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Ceremonies for Candlemasse Eve.

Down with the Rosemary and Bayes,
Down with the Misleto;

Instead of Holly, now up-raise
The greener Box (for show.)

The Holly hitherto did sway; Let Box now domineere,

Untill the dancing Easter-day, On Easter's Eve appeare.

Then youthful Box, which now hath grace,
Your houses to renew,

Grown old, surrender must his place
Unto the crisped Yew.

When Yew is out, then Birch comes in,
And many Flowers beside,

Both of a fresh and fragrant kinne,
To honour Whitsontide.

Green Bushes then, and sweetest Bents,
With cooler Oken boughs,

Come in for comely ornaments
To re-adorn the house.

Thus times do shift; each thing his turne do's hold;

New things succeed, as former things grow old. Herrick.

Brand cites a curious anecdote concerning John Cosin, bishop of Durham, on this day, from a rare tract, entitled “The Vanitie and Downefall of superstitious Popish Ceremonies, preached in the Cathedral Church of Durham, by one Peter Smart, a prebend there, July 27, 1628,” Edinborough, 4to. 1628. The story is, that “on Candlemass-day last past, Mr. Cozens, in renuing that popish ceremonie of burning Candles to the honour of our lady, busied himself from two of the clocke in the afternoon till foure, in climbing long ladders to stick up wax candles in the said Cathedral Church: the number of all the Candles burnt that evening was two hundred and twenty, besides sixteen torches; sixty of those burning tapers and torches standing upon, and near, the high Altar, (as he calls it,) where no man came nigh.”

A contributor to the Gentleman's Magazine informs Mr. Urban, in 1790, that having visited Harrowgate for his health a few years before, he resided for some time at that pleasant market-town Rippon, where, on the Sunday before Candlemas-day, he observed that the collegiate church, a fine ancient building. was one continued blaze of light all the afternoon from an immense number of candles.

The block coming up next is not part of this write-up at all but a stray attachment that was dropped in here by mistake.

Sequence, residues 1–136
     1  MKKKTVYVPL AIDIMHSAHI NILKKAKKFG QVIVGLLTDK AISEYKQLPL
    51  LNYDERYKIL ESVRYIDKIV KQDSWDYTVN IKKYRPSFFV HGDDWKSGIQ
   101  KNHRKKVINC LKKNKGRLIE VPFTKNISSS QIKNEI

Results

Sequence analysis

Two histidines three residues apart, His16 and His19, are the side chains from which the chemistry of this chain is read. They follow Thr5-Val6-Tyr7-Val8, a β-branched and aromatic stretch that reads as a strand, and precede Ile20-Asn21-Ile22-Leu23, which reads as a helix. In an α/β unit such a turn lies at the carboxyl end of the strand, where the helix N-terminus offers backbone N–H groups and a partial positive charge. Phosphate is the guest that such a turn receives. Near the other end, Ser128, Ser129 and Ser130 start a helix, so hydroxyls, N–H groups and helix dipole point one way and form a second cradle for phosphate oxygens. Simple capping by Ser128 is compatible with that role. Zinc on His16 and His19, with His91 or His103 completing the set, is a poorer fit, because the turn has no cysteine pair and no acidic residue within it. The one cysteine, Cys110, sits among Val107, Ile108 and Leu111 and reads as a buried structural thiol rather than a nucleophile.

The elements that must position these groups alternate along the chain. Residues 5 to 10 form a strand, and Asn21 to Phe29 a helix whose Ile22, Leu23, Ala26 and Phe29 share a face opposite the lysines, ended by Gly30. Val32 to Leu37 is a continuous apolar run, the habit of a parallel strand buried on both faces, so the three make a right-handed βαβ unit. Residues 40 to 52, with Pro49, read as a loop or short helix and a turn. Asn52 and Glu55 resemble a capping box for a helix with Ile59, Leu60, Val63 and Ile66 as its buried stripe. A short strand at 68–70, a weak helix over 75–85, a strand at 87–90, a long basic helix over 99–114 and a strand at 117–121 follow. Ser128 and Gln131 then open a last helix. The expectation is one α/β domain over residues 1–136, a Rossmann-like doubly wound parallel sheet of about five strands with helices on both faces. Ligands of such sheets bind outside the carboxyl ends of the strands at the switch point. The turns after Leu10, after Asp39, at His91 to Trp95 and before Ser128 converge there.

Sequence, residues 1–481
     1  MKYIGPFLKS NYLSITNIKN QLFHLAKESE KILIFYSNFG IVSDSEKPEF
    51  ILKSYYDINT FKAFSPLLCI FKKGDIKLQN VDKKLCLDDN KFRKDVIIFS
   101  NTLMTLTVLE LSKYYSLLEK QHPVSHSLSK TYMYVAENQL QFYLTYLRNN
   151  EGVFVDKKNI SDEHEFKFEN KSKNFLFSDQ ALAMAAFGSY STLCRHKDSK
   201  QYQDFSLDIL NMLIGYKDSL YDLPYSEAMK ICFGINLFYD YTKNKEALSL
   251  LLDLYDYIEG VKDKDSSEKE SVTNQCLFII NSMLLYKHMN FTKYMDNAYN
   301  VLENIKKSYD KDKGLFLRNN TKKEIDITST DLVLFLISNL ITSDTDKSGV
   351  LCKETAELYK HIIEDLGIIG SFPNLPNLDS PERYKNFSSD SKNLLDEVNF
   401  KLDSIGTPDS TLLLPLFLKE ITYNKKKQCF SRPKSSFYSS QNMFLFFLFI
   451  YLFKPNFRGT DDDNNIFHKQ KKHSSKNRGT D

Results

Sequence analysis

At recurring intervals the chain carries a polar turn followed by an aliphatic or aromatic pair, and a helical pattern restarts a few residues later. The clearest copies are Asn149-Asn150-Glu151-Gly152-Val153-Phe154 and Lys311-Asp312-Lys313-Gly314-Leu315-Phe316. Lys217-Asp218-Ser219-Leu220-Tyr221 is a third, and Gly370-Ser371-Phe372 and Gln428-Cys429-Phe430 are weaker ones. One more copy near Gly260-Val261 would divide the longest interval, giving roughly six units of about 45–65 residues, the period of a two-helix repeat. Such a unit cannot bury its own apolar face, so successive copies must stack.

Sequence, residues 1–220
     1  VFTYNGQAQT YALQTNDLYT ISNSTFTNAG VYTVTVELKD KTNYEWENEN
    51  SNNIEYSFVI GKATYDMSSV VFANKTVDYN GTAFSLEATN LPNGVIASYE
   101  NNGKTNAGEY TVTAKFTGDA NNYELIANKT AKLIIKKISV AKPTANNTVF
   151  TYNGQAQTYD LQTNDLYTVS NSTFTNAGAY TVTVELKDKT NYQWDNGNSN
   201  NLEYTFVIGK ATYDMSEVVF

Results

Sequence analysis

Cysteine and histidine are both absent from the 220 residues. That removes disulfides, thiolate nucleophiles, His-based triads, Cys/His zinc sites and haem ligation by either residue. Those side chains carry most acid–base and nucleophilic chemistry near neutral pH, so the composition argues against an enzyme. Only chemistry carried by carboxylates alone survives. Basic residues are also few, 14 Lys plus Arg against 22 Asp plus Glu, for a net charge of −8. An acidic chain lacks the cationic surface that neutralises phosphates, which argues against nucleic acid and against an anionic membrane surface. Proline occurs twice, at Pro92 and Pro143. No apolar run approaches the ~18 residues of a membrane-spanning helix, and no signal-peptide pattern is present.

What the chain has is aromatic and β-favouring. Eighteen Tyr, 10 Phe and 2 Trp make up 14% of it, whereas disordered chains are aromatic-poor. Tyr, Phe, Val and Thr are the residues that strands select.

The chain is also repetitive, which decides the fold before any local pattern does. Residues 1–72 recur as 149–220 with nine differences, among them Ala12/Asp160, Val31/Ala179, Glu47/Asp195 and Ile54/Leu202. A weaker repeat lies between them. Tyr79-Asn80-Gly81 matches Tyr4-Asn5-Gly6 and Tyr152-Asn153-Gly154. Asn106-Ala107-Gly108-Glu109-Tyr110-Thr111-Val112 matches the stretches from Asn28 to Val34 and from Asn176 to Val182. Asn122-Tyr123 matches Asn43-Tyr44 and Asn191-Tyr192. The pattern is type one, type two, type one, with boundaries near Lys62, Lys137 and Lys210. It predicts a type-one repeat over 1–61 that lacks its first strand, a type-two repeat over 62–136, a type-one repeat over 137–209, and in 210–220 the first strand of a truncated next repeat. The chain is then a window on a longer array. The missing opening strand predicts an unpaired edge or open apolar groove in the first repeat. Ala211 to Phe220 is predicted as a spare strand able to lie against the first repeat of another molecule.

Brand observes, that in the north of

England this day is called the “Wives’ Feast Day;” and he quotes a singular old custom from Martin's book on the Western Islands, to this effect:—“The mistress and servants of each family dress a sheaf of oats in women's apparel, put it in a large basket, and lay a wooden club by it, and this they call Brüd's Bed; and the mistress and servants cry three times, ‘Brüd is come, Brüd is welcome!’ This they do just before going to bed. In the morning they look among the ashes, and if they see the impression of Brüd's club there, they reckon it a presage of a good crop, and o year; if not, they take it as an ill omen.”

A Dorsetshire gentleman communicates a custom which he witnessed at Lyme Regis in his juvenile days; to what extent it prevailed he is unable to say, his knowledge being limited to the domestic circle wherein he was included. The wood-ashes of the family being sold throughout the year as they were made, the person who purchased them annually sent a present on Candlemas-day of a large candle. When night came, this candle was lighted, and, assisted by its illumination, the inmates regaled themselves with cheering draughts of ale, and sippings of punch, or some other animating beverage, until the candle had burnt out. The coming of the Candlemas candle was looked forward to by the young ones as an event of some consequence; for, of usage, they had a sort of right to sit up that night, and partake of the refreshment, till all retired to rest, the signal for which was the self-extinction of the Candlemas candle.

Bishop Hall, in a Sermon on Candlemas-day, remarks, that “it hath been an old (I say not how true) note, that hath been wont to be set on this day, that if it be clear and sun-shiny, it portends a hard weather to come; if cloudy and louring, a mild and gentle season ensuing.” This agrees with cne of Ray's proverbs: “The hind had as lief see his wife on the bier, As that Candlemas-day should be pleasant and clear.”